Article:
Native Plants and Balconies

This was originally published on Native Plants & Wildlife Gardens.

Planning a garden on a balcony is often a challenging prospect, but using native plants can both help, and cause further frustration. Balconies are a very different environment from the places native plants usually grow. In addition to the usual challenges of balcony gardens such as using containers, reflected heat and sun exposure, the weather in cities where most balconies are located is also different. The humidity is often lower in the city, precipitation is higher due to a lack of tree canopy and there’s more runoff. Temperatures in the city are also higher due to the urban heat island effect and in addition, the sun often reflects off the buildings and projects more heat onto balconies. Air quality is another factor to consider as well as the wind, which is often a…

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Summer Wildlife on the Balcony Habitat

This past summer produced a large number of wildlife species on my city balcony. I’ve briefly written about my balcony in the past, but this year I had more plants, the older ones were more established and I surveyed the wildlife with a new hand lens. You can read some of my past balcony posts including Native Plants and Balconies at the Native Plants & Wildlife Gardens blog as well as my documentation of the entire lifecycle of a lady beetle, The Life of the Lady Beetle, the beetle swarms that occurred last fall, Lady Beetle Swarms and finally about my visiting hummingbird, Urban Hummingbird.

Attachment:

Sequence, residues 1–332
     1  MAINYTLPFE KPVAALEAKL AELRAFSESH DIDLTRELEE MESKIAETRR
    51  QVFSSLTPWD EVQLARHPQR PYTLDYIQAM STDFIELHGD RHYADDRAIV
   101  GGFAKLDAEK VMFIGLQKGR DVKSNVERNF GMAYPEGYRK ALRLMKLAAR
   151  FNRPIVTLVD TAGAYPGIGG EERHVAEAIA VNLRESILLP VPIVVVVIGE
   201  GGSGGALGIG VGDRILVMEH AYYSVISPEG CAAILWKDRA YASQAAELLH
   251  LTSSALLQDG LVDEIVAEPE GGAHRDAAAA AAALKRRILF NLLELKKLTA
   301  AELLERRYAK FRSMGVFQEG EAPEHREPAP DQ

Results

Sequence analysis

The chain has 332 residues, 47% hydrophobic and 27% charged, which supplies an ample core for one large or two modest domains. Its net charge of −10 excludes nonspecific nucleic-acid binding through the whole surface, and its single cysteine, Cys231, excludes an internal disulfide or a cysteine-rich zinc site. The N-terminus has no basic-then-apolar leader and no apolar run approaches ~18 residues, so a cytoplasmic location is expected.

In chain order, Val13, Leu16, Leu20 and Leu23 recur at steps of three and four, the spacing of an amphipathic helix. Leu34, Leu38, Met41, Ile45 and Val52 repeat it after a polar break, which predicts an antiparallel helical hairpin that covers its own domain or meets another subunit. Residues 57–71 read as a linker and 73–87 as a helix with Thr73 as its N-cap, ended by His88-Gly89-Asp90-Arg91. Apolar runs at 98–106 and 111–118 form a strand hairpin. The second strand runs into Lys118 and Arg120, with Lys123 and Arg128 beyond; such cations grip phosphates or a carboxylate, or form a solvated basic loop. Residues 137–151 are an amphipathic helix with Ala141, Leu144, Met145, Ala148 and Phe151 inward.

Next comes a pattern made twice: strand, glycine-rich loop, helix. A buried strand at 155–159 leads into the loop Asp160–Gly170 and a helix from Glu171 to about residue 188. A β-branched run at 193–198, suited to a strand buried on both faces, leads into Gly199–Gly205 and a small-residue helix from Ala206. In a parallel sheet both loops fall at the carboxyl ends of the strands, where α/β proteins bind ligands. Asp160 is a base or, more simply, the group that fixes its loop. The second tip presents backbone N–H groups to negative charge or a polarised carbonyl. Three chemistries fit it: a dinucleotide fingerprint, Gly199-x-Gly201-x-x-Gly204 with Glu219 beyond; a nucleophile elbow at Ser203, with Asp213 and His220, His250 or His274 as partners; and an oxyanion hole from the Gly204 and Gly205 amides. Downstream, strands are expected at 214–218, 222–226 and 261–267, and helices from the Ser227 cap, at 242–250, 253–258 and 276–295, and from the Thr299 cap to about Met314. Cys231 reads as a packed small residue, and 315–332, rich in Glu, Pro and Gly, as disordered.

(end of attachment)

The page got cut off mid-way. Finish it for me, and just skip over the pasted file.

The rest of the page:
My balcony is in Seattle on the 6th floor on the top of a hill facing southwest. The building is a light color which seems to attract insects, as I mentioned in the Lady Beetle Swarms post. This year,…

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